In fact, Cano was against abortion. When told she had "won" her court case, Cano says, "It was like a whole bunch of bricks were put on my shoulders, and it has been that way ever since. I never wanted an abortion. Regardless of the worst state of misery or depression, it would never cross my mind to take the life of a child."


In 1969 Norma McCorvey was a self-described hippie and often unhappy. "I'd been on the streets since 1 was 9 or 10," she says. "I often told my mother, 'I wish I could find the person who invented life. I'd slap 'em.' "

She was pregnant for the third time-the second time out of wedlock-and looked into getting an abortion. The illegal abortion clinic she was referred to was, in the mildest of terms, disgusting.

"There was dried blood all over the floor and on the side of this makeshift -table," McCorvey says. "There was a grip hanging from the ceiling. I guess that's what the girls would hold on to. This was before they could give them anesthesia. I saw the conditions of the place and went outside to get ill."

Eventually, McCorvey was recommended to two young women fresh out of law school, Sarah Weddington and Linda Coffee. She lied to them, saying she had been gang-raped.

"They said, 'Well, you know, women have the right to vote,' " McCorvey says. "I'm sitting there and thinking, Well, I may live part time in the streets and part time at my dads, but I'm not stupid, okay? They were treating me like I was stupid, and I resented that.

"Then they said, 'Well, Norma, don't you think women should have rights to their own reproductive organs?' And I'm going, like, yeah. I wasn't real sure what they were talking about, but then you have to understand that I stayed stoned a lot."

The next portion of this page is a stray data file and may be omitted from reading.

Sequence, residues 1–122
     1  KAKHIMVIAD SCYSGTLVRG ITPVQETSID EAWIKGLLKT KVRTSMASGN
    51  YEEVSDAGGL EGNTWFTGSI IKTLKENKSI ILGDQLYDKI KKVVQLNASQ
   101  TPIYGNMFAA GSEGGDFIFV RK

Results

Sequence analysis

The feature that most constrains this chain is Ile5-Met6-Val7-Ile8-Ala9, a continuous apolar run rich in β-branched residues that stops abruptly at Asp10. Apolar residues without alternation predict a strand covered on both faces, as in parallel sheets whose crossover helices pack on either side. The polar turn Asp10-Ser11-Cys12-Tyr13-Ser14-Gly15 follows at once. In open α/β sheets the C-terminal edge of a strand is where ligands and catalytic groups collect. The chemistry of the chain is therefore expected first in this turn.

They told McCorvey that the case was only about Texas' abortion laws. (Ironically, because the case dragged out in the courts, McCorvey never got an abortion. She gave up the baby for adoption.) When she found out that the case had gone -all the way to the Supreme Court and resulted in legalizing abortion in all 50 states, she was stunned.

"I sat in the dining room that night and just kept rereading the newspaper story and drinking--drinking and thinking, " she says. "It made me sad to know that my name, even though it was a pseudonym, would always be connected to the death of children."

McCorvey got a straight razor and started cutting her wrists a little at a time. "That didn't work, so I went out and I got as many pills as I could. I took all of them and chased it with a quart of Johnny Walker, thinking I would die, and I wouldn't ever have to talk to Sarah Weddington or Linda Coffee again. But that was not God's plan for me."



Both women now are in a position to take away some of that shame, particularly since McCorvey became a Christian in the mid-1990s and Cano two years ago. With the help of the Texas justice Foundation, they are asking the Supreme Court to rehear their cases. (Tile Foundation is also representing Donna Santa Marie, a 16-year-old girl whose parents forced her to get an abortion-after her father allegedly punched her in the stomach to try to induce a miscarriage.)